Linked by Eugenia Loli on Sat 14th Sep 2002 22:44 UTC
SuSE, openSUSE From SuSE Linux 8.1 on, YaST2 comes with a new, powerful package manager. It supersedes the classic YaST2 single package selection and integrates the YaST Online Update (YOU) and post-installation add-on selection at the same time. It lays the foundation for supporting multiple installation sources like a traditional set of SuSE CDs, add-on product CDs, patch CDs, FTP servers or even local directories - all of which may contain software packages to install. Specially optimized versions were implemented for both graphical user interface (the YaST2 Qt UI) or text interface (the YaST2 NCurses UI), providing each type of user with the tool that best fits his needs. Read more for the commentary.
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... so there is no reason to revert. Package managers are not designed to solve the problem of a "user needs a simple means to install software": they are designed to help a competent administrator solve the problem of "installing and upgrading uncoordinated software releases".

Uniform version naming would be a mistake: each development effort picks the naming scheme most expedient in development, often depending on the tools in use, which are not the same because not all projects are the same. Users would benefit from uniform naming, but they do not contribute to development and as such their needs carry little weight; customers paying for a distribution might get uniform naming orchestrated by the distributor, of course, who might even find convenient to pay the upstream package developers and get the naming scheme changed, instead of fixing it every time. So the inefficiency of per-project-suboptimal version naming would be paid for by those who benefit from it.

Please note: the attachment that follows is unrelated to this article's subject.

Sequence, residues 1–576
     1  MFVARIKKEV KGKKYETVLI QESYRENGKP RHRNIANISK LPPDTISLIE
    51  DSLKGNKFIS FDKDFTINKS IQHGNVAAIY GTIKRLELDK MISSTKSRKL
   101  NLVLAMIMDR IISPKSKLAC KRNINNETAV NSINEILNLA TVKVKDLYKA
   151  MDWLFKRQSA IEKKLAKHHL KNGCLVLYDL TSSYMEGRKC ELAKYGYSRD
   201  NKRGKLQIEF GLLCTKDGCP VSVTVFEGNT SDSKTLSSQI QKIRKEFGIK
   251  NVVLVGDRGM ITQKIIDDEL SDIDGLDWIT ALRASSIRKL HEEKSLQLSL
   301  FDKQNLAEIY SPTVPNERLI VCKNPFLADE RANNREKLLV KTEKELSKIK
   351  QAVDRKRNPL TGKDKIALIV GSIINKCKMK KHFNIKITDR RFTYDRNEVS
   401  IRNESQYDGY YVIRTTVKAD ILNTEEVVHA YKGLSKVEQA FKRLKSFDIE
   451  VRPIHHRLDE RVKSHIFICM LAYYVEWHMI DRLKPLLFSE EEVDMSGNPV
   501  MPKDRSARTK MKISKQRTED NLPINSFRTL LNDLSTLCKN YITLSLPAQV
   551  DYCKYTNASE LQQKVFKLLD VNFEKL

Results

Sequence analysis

Having a good view of multiple available versions may sound strange to people coming from the "latest version" syndrome, but Unix has a healthy tradition of "all versions work, you
need not the latest unless ..." and there are a number of
performance, security and usage tradeoff the competent administrator might want to explore when installing components.

With uncoordinated releases, conflicts happen (they also happen with InstallShield, by the way: it just happily ignores them and lets code malfunction when used - often in the guise of an obvious crash but I have seen my share of silently wrong results also). You cannot statically link a common component because there is a good chance it will not work: Unix has been providing for years the necessary library versioning infrastructure to have multiple versions of common components installed for exactly this reason.

The above does not mean current attempts at package management are perfect: it just means that reverting to Windows-like solutions would be a mistake. If the current solution is not satisfactory, the answer is not to provide a technologically inferior solution; users will have to wait until a solution which is easy to use and technically adequate appears.